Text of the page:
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Book review: Struggling with God by Christopher C. H. Cook, Isabelle Hamley, and John Swinton

15 September 2023

Anne Holmes praises a book about mental health and spirituality

THIS fine book is the product of the collective wisdom of three distinguished authors. Concerned about the relationship between mental-health issues and Christian communities, they have identified stigma as a key problem that exacerbates existing struggles. The authors refer to mental-health challenges as one way of addressing this stigma rather than usual references to mental illness or psychiatric conditions.

The book is divided into six chapters, each of which ends with a biblical reflection, prayers, questions to facilitate individual or group study, and pointers to further reading. Each author self-identifies using the pronoun “I”, but otherwise the various chapters could have been written by any or all of the three.

This deeply Christian book names and identifies with the holistic way in which Jesus approached people. It draws on “biblical insights, the lived experience of those who struggle with mental health challenges, the insights of psychiatry and the mental health sciences, and the resources of theology”. This makes it a vital resource for all those wishing to support those thus challenged and for those who care for and about them.

Particular features are a useful summary of specific illnesses in chapter one and close encounters with biblical narratives throughout, notably that on Job and his friends. The authors suggest that Job’s struggles were not outside God’s presence, but were “a valid and essential expression of faith in the midst of utter darkness”. This sense of despair is picked up in chapter three, in a reflection on the dark night of the soul as explored by St John of the Cross in the 16th century. Comparison is made with characteristics of a depressive disorder. The difficulty in disentangling spiritual and psychological struggles is named. This difficulty was the research object of the psychiatrist Glòria Durà-Vilà, who was troubled by the over-medicalisation of deep sadness and published her findings in Sadness, Depression, and the Dark Night of the Soul (Jessica Kingsley, 2017) (Books, 9 March 2018).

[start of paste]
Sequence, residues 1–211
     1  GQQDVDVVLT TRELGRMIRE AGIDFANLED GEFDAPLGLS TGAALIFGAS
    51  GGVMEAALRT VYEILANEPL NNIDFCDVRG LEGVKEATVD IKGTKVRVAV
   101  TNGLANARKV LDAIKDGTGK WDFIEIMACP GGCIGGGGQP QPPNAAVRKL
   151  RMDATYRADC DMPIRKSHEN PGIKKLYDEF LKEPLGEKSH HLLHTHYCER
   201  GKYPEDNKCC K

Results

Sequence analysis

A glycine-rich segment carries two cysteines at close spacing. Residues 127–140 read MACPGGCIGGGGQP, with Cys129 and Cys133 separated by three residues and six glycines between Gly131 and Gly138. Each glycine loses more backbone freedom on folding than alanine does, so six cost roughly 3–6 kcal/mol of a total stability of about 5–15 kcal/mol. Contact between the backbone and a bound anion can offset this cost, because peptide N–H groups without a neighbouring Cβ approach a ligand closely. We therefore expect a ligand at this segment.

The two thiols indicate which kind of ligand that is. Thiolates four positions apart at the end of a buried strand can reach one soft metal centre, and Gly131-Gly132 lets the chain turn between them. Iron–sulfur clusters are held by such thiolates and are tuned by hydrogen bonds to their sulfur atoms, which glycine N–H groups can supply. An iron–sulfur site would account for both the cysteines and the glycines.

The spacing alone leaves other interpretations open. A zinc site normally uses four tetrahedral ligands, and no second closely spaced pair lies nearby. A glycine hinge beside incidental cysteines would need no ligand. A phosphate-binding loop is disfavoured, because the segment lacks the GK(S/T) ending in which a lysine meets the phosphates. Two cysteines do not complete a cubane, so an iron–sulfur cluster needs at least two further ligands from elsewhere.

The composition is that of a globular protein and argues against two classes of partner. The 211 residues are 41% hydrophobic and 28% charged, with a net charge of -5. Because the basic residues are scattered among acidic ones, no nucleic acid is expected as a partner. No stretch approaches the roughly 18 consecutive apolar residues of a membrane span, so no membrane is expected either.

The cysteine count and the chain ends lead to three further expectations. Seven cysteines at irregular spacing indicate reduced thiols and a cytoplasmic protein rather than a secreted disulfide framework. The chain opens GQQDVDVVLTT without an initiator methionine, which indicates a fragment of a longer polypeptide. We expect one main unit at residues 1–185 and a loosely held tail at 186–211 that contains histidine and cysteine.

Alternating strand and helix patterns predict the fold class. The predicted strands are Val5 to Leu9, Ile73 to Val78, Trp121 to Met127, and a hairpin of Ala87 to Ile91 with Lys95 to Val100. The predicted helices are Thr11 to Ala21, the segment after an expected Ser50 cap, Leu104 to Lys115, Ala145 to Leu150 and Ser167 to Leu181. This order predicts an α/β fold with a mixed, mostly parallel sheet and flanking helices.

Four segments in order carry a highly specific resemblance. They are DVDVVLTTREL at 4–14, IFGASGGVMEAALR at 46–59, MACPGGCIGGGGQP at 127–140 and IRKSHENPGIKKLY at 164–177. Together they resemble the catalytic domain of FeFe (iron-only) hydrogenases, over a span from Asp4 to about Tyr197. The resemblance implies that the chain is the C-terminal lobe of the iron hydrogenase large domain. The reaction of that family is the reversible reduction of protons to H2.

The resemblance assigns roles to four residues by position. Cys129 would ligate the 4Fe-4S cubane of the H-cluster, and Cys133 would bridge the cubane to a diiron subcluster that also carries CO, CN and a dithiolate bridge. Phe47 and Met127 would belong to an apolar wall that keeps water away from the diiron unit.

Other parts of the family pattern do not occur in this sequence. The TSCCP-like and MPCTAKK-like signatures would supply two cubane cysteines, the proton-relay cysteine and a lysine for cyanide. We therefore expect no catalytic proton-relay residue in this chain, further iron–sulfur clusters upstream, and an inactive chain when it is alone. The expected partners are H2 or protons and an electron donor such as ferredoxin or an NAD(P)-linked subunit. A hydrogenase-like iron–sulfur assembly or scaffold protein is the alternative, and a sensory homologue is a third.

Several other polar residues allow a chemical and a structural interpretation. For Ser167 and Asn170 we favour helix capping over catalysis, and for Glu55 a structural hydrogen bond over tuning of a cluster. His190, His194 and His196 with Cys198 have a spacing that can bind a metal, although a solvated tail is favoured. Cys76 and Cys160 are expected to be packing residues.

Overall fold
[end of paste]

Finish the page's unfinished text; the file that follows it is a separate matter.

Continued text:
The book is wide-ranging and tackles the contextual struggle for those with mental-health challenges who are part of church congregations that favour upbeat songs and psalms. I remember hearing a talk by a woman whose post-natal depression could not be received or accompanied in her Evangelical church. This was not about stigma so much as the perceived need to be positive all the time.

The issue of stigma is addressed seriously, and, if there is a mission statement of the book, it is to contribute to the de-stigmatisation of mental-health challenges in some church settings. Where continued illness is judged to be connected with a lack of faith, spiritual harm compounds the struggle with the illness itself. This is the witness of relatives and carers, too, who can find themselves excluded from the heart of their church.

As a group analyst, I welcome the emphasis on communities of faith. This book would be an ideal focus for house groups or Lent discussion groups. The more people in congregations of any denomination who read this and, changing their attitudes towards those who struggle with mental-health challenges, adopt a more Christlike acceptance of them, the better for us all. This beautiful book is an ideal guide for this process.

The Revd Dr Anne C. Holmes, a former NHS mental-health chaplain, works as a psychotherapist and SSM in the diocese of Oxford.


Struggling with God: Mental health and Christian spirituality
Christopher C. H. Cook, Isabelle Hamley, and John Swinton
SPCK £14.99
Church Times Bookshop £13.49

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